Feb 232004
Authors: Adrienne Hoenig

Students at CSU are talking.

But not always to each other. Anywhere and everywhere, some

students are on the phone.

“I definitely spend some time on my phone,” said Kalin Popov,

junior liberal arts major. “I don’t even have a home phone.”

Cell phones have become more than just an emergency precaution.

Now, students are able to access the Internet, play games and send

text messages on their cell phones.

“(Students) are more into the gadgets,” said Dan Betts, manager

of Phones Plus of Foothills Mall. “They want fun phones that will

do a lot of features.”

But some CSU students and faculty are wondering if the cell

phone craze has gone too far.

“It seems to be an increasing problem,” said Lola Logsdon, an

art instructor. “I’m sort of losing my sense of humor.”

Logsdon is frustrated with students’ cell phones ringing while

she is teaching class.

“It is very distracting right in the middle of a thought,”

Logsdon said.

She has threatened students in her 100-person class that they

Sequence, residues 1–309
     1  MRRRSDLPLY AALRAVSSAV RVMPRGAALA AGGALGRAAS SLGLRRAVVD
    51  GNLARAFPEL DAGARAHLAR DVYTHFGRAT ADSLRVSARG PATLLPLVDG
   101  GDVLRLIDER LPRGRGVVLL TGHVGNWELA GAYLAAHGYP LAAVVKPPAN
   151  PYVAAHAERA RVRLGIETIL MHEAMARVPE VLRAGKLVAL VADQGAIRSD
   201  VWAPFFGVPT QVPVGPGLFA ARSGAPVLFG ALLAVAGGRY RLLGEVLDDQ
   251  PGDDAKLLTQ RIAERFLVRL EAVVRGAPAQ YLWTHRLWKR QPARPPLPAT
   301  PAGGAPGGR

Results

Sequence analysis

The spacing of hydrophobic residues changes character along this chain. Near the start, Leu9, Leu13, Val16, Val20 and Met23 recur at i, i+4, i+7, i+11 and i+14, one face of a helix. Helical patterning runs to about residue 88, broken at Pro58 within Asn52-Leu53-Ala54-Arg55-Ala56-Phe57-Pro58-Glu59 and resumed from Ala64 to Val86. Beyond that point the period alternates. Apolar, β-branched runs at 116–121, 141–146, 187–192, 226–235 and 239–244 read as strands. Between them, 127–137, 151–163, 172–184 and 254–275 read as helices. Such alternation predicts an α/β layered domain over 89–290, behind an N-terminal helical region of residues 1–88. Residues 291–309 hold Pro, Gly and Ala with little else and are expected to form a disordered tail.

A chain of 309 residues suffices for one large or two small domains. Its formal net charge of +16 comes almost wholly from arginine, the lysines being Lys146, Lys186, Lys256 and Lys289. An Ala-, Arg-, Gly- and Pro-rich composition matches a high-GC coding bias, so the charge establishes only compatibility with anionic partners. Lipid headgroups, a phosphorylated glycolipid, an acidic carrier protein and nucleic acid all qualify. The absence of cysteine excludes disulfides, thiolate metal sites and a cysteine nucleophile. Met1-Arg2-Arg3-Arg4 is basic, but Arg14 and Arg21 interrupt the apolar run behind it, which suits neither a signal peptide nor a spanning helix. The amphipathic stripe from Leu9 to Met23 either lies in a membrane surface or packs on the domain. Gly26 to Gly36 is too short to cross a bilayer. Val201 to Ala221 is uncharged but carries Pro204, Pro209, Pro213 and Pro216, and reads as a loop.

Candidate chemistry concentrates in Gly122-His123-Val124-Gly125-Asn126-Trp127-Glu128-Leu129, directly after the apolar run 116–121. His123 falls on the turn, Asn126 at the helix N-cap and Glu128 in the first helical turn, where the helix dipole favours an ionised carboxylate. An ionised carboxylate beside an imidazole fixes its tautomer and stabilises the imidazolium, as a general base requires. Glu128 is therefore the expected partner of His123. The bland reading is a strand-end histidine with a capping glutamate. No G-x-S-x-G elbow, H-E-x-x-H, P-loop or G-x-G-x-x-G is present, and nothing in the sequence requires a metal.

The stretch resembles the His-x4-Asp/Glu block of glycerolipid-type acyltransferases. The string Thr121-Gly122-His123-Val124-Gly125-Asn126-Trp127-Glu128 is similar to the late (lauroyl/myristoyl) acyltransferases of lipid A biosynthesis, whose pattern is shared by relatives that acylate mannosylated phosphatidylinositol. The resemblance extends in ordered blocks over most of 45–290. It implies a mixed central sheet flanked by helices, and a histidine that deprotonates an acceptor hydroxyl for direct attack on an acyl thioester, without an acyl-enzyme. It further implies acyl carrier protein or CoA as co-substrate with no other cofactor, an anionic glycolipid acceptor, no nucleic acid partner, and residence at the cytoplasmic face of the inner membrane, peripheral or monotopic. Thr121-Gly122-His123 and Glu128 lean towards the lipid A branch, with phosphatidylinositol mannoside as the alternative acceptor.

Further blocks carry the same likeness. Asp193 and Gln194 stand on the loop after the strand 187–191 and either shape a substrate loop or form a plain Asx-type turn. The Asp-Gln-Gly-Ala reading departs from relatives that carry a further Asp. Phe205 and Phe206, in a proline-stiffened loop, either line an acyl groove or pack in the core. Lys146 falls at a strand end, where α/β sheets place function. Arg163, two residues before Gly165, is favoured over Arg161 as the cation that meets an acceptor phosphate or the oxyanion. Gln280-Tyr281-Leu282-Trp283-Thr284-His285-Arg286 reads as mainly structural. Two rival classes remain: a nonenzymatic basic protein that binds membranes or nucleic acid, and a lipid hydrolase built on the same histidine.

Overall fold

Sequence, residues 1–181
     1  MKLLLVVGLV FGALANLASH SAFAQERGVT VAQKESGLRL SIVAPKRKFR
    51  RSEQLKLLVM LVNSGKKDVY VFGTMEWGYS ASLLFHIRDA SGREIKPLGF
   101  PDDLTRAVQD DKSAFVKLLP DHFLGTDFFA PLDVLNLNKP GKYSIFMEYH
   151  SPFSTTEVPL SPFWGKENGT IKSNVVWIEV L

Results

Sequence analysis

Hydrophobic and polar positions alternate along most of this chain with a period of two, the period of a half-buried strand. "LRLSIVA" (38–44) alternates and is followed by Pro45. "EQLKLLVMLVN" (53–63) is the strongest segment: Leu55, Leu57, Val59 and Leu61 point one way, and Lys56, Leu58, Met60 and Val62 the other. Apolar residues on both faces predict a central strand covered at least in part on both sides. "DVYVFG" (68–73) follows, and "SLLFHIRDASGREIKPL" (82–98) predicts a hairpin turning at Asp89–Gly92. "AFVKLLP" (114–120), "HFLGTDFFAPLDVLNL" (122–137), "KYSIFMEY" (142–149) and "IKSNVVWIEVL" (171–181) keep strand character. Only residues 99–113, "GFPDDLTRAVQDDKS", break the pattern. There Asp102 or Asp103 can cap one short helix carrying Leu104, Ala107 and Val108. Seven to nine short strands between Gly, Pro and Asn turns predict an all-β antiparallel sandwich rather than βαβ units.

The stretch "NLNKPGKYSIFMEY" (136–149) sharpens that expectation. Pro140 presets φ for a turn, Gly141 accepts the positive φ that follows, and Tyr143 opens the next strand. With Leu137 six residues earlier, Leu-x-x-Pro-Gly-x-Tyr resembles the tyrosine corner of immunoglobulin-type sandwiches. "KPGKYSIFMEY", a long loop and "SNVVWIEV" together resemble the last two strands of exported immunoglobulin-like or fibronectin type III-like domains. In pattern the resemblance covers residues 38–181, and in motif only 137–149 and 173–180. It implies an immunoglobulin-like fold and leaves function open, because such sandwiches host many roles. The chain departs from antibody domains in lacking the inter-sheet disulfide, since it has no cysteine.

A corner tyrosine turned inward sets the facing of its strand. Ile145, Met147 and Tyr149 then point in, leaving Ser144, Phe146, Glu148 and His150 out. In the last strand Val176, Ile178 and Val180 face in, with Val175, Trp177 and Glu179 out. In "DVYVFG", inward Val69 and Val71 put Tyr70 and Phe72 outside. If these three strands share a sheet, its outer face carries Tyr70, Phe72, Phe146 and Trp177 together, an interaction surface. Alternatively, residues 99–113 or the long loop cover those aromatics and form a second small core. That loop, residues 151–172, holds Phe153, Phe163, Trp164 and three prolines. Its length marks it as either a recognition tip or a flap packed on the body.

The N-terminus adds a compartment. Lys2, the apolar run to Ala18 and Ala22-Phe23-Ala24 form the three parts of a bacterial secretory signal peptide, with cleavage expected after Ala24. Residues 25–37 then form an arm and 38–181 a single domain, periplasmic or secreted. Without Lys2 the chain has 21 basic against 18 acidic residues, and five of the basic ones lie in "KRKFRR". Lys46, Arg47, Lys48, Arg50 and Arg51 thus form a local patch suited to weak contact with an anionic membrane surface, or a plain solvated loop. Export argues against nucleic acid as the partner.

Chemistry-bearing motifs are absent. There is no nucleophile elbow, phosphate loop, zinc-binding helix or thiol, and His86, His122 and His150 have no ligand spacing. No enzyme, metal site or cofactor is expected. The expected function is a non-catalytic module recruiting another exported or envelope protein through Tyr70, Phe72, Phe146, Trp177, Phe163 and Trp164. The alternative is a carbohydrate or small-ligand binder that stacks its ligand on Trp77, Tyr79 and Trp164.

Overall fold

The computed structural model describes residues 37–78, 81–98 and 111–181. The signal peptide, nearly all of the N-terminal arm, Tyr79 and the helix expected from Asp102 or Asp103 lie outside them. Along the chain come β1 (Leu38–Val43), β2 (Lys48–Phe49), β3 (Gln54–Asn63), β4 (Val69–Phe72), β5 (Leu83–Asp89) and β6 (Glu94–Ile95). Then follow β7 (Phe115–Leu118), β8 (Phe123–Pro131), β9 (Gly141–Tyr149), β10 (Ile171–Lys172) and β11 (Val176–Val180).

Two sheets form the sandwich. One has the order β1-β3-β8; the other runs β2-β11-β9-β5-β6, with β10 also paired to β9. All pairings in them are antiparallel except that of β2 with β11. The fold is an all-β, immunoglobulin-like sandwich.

will have to have a conversation on their cell phone with the class

as an audience. Logsdon has also been known to carry around a large

wooden mallet known as her “cell phone answering machine.”

“I try to approach it with a sense of humor,” she said. “It’s a

problem that just didn’t exist when I was a student.”

Whitney Diehl, an open option freshman, said she is guilty of

her phone ringing in class all the time.

“When I’m in class I feel like I’m cut off from everything else

in my life,” Diehl said. “I usually try to keep it on vibrate


Diehl, like many other CSU students, has opted to stick with her

cell phone instead of paying for a land line.

“A land-line phone situation can be problematic for a lot of

reasons,” Betts said. “Students tend to live with roommates, having

a cell phone allows them to have their own phone.”

Erica McKenzie, a senior environmental engineering student, said

she recognizes the benefits of having a cell phone but still thinks

they are overused.

“When I’m in a fairly in-depth conversation and someone decides

to take a 20-minute break to gab with their best friend, it’s

really annoying,” McKenzie said.

She refuses to get a cell phone, not because they can be

annoying but because she values her time alone.

“I don’t want people to be able to find me at all times,”

McKenzie said.

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